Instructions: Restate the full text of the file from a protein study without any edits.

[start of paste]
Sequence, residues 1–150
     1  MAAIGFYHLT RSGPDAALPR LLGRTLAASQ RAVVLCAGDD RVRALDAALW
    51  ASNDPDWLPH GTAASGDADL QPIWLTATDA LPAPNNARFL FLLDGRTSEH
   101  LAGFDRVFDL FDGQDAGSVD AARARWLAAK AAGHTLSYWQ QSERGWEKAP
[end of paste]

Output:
Sequence, residues 1–150
     1  MAAIGFYHLT RSGPDAALPR LLGRTLAASQ RAVVLCAGDD RVRALDAALW
    51  ASNDPDWLPH GTAASGDADL QPIWLTATDA LPAPNNARFL FLLDGRTSEH
   101  LAGFDRVFDL FDGQDAGSVD AARARWLAAK AAGHTLSYWQ QSERGWEKAP